Although the agitation lessens, the periods of bereavement and depression become more frequent and reach their peak between four and six weeks later. Episodes of grief and reactions to loss can occur at any time, sparked off by people, places or thing that bring back memories of the person who has died.
Other people may find it difficult to understand or embarrassing when the bereaved person suddenly bursts into tears for no obvious reason. At this stage, it may be tempting to keep away from other people who do not fully understand or share the grief.
During this time, it may appear to others as though the bereaved person is spending a lot of time just sitting doing nothing. In fact, they are usually thinking about the person they have lost, going over again and again both the good times and the bad they had together. This is a quiet but essential part of the grieving process.
As time passes, the fierce pain of early bereavement begins to fade. The depression lessens and it is possible to think about other things and even to look forward to the future. However, the sense of having lost a part of oneself never goes away entirely.
For the bereaved partners, there are constant reminders of their new singleness, in seeing other couples together and from the deluge of media images of happy families. After some time, it is possible to feel whole again, even though a part is missing. Even so, years later, you may sometimes find yourself talking as though he or she were still here with you.
These various stages of grief often overlap and show themselves in different ways in different people. Most recover from a major bereavement and depression within one or two years.
The final phase of grieving is letting go of the person who has died and the start of a new sort of life. When bereavement and depression clears completely, sleep improves and energy returns to normal. Sexual feelings that were dormant now return — this is quite normal and nothing to be ashamed of.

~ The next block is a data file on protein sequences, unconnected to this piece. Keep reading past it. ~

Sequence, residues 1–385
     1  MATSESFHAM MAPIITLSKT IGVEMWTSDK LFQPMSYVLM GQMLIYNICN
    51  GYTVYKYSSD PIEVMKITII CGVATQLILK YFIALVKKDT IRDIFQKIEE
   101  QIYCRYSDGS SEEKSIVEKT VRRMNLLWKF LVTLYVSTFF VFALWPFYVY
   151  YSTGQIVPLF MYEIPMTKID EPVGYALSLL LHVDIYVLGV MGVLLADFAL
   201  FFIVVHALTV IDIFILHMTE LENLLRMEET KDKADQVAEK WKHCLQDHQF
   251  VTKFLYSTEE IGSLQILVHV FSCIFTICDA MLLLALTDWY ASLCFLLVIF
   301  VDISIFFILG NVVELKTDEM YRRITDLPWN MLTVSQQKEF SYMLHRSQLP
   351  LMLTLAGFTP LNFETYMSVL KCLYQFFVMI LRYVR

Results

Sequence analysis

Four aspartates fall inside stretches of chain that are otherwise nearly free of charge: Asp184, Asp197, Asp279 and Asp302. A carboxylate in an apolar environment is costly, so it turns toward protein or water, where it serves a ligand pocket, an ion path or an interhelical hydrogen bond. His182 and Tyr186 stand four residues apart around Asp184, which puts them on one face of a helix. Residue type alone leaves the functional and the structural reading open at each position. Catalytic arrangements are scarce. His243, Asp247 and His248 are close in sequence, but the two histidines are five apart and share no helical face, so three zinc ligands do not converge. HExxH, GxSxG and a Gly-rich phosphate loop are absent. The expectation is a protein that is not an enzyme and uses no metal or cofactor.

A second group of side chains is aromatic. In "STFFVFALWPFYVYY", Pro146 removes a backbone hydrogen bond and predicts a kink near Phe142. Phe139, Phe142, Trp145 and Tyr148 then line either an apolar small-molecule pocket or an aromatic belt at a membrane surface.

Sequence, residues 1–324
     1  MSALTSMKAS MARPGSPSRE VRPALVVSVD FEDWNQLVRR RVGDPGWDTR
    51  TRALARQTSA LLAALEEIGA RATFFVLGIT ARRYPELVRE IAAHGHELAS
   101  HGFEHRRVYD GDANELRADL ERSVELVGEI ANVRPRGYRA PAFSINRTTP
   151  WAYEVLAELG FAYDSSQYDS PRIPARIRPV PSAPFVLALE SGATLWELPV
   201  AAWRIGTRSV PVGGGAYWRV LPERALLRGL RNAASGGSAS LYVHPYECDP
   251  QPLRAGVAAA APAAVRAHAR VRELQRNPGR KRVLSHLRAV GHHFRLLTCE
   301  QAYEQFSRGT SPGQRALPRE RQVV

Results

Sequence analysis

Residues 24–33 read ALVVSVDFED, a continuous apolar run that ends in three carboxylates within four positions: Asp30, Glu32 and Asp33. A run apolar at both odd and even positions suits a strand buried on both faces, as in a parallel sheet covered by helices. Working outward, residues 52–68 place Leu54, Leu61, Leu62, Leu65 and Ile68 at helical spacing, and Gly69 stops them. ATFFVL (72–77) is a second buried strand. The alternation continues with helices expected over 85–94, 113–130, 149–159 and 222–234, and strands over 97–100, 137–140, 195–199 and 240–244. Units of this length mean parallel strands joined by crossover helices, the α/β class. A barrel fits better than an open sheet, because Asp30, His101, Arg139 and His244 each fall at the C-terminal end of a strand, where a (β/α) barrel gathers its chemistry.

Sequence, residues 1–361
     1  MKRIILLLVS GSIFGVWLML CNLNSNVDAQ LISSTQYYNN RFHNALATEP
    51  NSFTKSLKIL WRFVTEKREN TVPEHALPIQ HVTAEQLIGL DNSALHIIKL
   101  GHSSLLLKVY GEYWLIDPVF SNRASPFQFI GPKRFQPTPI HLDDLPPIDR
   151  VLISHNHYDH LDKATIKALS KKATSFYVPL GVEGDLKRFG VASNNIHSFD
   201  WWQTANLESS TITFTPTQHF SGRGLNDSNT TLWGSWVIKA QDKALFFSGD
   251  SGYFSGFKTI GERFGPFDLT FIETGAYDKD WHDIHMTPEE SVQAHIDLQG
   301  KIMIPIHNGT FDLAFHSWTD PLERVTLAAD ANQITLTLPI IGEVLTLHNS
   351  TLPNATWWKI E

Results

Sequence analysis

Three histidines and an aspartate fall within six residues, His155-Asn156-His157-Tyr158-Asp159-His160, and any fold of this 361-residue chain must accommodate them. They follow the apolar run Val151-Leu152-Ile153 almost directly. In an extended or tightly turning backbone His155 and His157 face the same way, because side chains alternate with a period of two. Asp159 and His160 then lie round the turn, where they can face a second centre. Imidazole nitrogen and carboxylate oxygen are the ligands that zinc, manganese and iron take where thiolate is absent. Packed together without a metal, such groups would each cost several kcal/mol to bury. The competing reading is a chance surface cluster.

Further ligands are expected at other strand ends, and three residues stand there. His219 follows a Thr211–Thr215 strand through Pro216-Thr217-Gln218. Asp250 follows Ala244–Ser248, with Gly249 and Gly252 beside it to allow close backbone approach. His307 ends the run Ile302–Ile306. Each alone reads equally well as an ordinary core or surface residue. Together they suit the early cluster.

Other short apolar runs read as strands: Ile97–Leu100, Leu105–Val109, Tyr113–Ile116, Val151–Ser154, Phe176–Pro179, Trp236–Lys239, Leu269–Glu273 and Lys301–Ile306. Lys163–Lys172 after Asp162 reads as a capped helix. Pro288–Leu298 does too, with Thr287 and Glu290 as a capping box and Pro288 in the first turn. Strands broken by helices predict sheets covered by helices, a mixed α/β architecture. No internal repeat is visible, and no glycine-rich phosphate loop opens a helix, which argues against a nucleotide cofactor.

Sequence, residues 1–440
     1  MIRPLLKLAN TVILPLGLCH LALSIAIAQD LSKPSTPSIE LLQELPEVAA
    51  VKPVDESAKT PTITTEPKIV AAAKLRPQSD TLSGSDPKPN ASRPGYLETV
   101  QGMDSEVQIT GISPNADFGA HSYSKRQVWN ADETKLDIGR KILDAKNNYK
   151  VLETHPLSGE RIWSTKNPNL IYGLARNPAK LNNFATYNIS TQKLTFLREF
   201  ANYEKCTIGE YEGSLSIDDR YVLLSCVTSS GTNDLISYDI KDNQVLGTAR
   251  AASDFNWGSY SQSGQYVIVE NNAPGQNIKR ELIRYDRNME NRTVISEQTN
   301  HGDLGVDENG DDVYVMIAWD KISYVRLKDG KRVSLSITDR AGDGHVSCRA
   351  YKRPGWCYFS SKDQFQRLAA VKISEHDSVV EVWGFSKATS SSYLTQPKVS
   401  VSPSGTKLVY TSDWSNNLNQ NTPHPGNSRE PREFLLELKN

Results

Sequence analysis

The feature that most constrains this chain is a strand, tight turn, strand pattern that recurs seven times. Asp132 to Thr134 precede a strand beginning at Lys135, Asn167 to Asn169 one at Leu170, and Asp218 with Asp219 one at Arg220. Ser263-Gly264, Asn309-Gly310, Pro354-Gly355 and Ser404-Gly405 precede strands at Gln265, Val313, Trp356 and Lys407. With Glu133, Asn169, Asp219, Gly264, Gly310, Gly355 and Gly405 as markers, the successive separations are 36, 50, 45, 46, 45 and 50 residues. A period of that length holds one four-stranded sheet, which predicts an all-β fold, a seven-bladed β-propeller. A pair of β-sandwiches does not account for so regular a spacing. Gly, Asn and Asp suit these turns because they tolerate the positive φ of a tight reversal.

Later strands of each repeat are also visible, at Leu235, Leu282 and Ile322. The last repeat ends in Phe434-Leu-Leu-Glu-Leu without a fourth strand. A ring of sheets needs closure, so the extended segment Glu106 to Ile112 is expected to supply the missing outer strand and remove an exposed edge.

Having said all this, there is no standard way of grieving or coping with bereavement. We are all individuals and have our own particular way of handling the grieving process.
Even though children may not understand the meaning of death until they are three or four years old, they feel the loss of close family members in much the same way as adults. It is clear that even from infancy children grieve and feel great distress.
However, they have a different experience of time from that of adults and may go through the stages of mourning quite rapidly. Preschool children usually see death as temporary and reversible — a belief reinforced by cartoon characters who “die” and “come to life again”. In their early school years, children may feel responsible for the death of a close relative and so may need to be reassured not to feel guilty for their passing.
Young people may not speak out of fear of adding extra burdens to grown-ups around them. The grief of children and adolescents and their need for mourning should not be overlooked when a member of the family has died. They should, for instance, be included in the funeral arrangements.
Once children accept the death of family members, they are likely to display their feelings of grief and loss. The family members should spend as much time as possible with the child making it clear that the child has permission to display their reactions to loss openly or freely.
Related: 14 Ways to Boost Your Child's Mental Wellbeing
Friends and family can help by spending time with the person who is coping with bereavement. It is not so many words of comfort that are needed but more the willingness to be with them during the time of their pain and distress. A sympathetic arm around the shoulder will express care and support when words are not enough.